Comparison Between Judaism and Christianity, Essay Example
The West these days has, in many ways, appeared to move beyond religion. Church attendance in Western Europe is very low. While church attendance is higher in the United States, there is little evidence that religion has much effect at all on moral behavior. Divorce rates are higher for self-identified Christians than for those who are not Christians, for example. Churchgoing may well have become, for many, a social phenomenon rather than a religious experience (Fisher, 2005, p. 347). Given the vast amounts of Western art and architecture that was intended for religious purposes, this religious silence is a deafening example of irony. It may be that the promises of technology have made many people in the West feel so self-sufficient that they do not perceive, any longer, a need for divine assistance. Also, the brutal historical events of the twentieth and early twenty-first century may have persuaded many Westerners that God either does not exist, or is so apathetic about the course of human events that His existence is not significant enough to take notice of.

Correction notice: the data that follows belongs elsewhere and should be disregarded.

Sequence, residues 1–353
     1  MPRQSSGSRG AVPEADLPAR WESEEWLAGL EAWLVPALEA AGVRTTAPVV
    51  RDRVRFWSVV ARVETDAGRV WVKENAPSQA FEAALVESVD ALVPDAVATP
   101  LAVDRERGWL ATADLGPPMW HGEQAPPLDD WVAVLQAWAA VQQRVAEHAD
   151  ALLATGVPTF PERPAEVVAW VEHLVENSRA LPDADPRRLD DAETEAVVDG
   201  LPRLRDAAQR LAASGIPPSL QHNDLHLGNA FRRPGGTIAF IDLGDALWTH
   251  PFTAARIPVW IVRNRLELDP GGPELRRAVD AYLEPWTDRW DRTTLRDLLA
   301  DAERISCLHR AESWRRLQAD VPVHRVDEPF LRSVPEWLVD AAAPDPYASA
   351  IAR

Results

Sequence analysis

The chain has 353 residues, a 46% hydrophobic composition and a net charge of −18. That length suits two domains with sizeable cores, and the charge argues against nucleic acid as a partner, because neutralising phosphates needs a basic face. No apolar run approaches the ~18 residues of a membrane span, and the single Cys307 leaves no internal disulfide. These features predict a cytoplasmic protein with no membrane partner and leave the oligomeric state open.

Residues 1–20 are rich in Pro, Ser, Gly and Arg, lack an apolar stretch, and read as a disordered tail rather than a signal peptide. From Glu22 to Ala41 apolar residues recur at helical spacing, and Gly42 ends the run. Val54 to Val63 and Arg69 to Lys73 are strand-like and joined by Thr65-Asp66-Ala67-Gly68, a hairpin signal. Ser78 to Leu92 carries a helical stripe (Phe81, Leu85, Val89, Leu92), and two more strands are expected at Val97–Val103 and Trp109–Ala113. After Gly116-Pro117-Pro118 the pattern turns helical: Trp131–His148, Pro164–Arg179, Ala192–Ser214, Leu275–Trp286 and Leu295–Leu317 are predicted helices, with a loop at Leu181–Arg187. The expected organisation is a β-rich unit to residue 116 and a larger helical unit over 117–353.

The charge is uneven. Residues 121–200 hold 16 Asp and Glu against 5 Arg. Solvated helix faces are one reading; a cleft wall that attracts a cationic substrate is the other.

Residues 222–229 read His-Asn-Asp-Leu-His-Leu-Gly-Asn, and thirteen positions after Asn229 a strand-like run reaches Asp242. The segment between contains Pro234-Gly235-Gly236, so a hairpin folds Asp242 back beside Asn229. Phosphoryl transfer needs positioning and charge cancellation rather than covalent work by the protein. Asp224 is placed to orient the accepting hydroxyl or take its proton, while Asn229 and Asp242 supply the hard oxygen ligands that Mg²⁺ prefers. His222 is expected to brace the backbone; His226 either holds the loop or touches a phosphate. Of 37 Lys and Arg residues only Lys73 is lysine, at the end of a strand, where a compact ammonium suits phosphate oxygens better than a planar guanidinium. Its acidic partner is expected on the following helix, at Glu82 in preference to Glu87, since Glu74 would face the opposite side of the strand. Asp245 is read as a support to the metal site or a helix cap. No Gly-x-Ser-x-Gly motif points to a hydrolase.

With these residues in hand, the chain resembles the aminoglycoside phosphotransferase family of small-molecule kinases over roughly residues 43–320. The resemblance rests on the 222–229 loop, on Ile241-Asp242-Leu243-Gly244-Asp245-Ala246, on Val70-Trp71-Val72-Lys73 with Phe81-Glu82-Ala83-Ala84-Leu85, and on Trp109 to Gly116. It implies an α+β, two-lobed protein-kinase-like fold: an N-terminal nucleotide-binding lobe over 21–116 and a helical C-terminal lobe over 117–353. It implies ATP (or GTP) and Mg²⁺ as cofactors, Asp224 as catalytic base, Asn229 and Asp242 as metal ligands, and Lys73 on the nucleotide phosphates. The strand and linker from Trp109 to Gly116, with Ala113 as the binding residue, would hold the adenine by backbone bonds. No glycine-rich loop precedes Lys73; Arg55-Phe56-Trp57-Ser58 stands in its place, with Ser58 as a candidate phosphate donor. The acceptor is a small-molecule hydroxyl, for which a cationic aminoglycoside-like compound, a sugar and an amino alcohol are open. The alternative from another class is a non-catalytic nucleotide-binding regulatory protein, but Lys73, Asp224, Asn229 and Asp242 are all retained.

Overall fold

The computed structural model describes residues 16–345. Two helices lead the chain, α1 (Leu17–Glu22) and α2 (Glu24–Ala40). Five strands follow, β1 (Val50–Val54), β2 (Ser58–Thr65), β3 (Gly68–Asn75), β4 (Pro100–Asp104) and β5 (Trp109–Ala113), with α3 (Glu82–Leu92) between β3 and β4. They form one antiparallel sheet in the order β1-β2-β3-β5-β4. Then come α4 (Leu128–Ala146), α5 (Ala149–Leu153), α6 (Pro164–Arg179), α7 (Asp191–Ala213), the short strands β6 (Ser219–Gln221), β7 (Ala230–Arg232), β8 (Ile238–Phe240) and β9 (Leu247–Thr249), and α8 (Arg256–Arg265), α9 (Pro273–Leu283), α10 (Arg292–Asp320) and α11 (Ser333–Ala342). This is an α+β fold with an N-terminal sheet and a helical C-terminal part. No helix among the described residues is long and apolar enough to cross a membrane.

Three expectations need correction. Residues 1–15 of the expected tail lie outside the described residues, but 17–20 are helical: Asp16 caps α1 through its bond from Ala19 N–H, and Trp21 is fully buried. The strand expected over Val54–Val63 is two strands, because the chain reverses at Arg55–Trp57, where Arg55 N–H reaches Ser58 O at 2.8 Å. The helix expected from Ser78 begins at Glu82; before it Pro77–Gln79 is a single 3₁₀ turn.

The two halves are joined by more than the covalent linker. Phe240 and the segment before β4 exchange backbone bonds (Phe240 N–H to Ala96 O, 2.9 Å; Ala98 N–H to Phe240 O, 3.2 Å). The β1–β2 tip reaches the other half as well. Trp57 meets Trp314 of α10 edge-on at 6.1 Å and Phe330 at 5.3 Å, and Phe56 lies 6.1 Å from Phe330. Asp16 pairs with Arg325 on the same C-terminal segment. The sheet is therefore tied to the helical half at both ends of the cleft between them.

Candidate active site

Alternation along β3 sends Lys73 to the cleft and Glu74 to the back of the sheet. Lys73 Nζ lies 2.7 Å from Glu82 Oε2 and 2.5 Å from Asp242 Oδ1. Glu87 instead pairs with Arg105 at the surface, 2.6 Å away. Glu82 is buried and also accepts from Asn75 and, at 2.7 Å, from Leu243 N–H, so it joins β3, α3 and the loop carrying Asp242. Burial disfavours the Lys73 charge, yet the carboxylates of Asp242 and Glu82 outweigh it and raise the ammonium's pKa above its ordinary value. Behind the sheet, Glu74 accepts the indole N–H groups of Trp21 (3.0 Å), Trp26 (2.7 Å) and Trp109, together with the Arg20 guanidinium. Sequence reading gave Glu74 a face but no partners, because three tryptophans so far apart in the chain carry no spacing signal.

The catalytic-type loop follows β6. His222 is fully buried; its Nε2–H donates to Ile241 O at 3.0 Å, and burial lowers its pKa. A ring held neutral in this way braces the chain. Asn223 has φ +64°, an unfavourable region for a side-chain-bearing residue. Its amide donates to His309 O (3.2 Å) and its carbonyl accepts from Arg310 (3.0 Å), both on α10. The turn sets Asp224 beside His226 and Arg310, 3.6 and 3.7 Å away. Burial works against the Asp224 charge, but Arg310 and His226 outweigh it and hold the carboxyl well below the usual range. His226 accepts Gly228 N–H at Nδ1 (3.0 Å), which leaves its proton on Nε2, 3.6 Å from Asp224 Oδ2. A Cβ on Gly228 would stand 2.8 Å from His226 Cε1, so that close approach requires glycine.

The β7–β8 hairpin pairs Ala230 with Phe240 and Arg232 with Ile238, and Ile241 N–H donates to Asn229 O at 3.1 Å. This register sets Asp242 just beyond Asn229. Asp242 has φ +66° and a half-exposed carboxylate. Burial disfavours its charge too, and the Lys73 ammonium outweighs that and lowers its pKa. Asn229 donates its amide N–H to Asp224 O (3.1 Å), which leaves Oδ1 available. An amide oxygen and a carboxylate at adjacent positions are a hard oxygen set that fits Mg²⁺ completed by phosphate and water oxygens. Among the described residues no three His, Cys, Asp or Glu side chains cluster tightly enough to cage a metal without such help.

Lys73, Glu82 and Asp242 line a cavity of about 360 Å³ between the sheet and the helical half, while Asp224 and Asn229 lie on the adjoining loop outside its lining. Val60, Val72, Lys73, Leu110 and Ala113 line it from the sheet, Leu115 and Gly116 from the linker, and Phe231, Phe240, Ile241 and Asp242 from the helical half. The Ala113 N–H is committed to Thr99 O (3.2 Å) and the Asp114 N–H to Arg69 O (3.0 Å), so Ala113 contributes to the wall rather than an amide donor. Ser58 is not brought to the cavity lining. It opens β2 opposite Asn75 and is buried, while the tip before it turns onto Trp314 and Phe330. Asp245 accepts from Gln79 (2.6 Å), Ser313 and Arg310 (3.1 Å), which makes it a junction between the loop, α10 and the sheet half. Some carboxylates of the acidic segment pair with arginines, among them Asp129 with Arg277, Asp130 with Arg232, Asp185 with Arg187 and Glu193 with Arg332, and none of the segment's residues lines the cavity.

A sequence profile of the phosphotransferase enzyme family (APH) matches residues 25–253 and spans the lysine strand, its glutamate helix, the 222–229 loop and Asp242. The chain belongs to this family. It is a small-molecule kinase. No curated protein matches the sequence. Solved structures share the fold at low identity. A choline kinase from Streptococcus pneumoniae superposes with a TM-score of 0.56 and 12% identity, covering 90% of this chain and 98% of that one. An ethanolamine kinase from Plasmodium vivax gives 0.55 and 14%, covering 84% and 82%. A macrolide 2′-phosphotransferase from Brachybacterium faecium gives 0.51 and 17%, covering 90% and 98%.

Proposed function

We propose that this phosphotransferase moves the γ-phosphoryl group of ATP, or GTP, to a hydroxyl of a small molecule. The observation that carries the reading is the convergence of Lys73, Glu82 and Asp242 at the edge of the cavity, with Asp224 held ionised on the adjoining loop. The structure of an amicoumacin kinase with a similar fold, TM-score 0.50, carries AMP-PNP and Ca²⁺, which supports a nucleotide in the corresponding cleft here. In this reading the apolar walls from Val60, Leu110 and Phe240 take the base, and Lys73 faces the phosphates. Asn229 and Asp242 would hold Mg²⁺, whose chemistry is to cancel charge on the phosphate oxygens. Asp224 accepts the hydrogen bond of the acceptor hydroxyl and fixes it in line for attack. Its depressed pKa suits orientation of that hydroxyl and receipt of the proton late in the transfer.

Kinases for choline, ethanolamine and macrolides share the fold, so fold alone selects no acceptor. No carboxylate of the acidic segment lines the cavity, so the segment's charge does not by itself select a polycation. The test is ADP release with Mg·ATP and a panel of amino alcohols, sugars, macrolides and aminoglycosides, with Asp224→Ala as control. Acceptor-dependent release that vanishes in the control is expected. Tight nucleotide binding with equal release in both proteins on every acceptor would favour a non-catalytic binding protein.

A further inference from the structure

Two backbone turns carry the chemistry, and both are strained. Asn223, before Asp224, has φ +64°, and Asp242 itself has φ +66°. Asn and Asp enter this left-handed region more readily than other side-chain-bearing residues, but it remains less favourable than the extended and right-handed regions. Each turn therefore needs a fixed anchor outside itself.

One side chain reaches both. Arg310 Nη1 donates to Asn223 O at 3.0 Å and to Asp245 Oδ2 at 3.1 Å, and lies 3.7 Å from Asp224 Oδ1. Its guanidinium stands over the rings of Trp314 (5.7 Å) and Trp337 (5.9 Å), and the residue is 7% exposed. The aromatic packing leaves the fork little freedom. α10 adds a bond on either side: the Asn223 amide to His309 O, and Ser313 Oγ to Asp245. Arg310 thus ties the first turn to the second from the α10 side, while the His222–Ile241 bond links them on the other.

According to a conventional wisdom, the first century witnessed the beginning of only one religion, Christianity. Judaism is generally thought to have begun in the more distant past, at the time of Abraham, Moses, or even Ezra, who rebuilt the Temple destroyed by the Babylonians (Fisher, 2005, p. 230). Judaism underwent radical religious changes in response to important historical crises. According to such sources as the Tanakh and the Talmud, the Jewish faith is based on a covenant between God and Abraham, established approximately in 2000 B.C., and renewed between God and Moses around 1200 B.C. Judaism is monotheistic (Fisher, 2005, p. 231). Judaism relies on its texts and traditions to provide its central authority. The Torah underwent a brief period of development and evolution as its society grew sufficiently to support a priestly class, adding specifics of the sacrifice process to the initial laws passed down by divine revelation (Momigliani 1994, p. 20). However, Judaism did not undergo a shift nearly as fundamental as the change in Christianity thought concerning the afterlife. There are interesting similarities and differences in their foundational teachings that show some of the elements that unite people, and some of the ways in which cultural context informs religious development.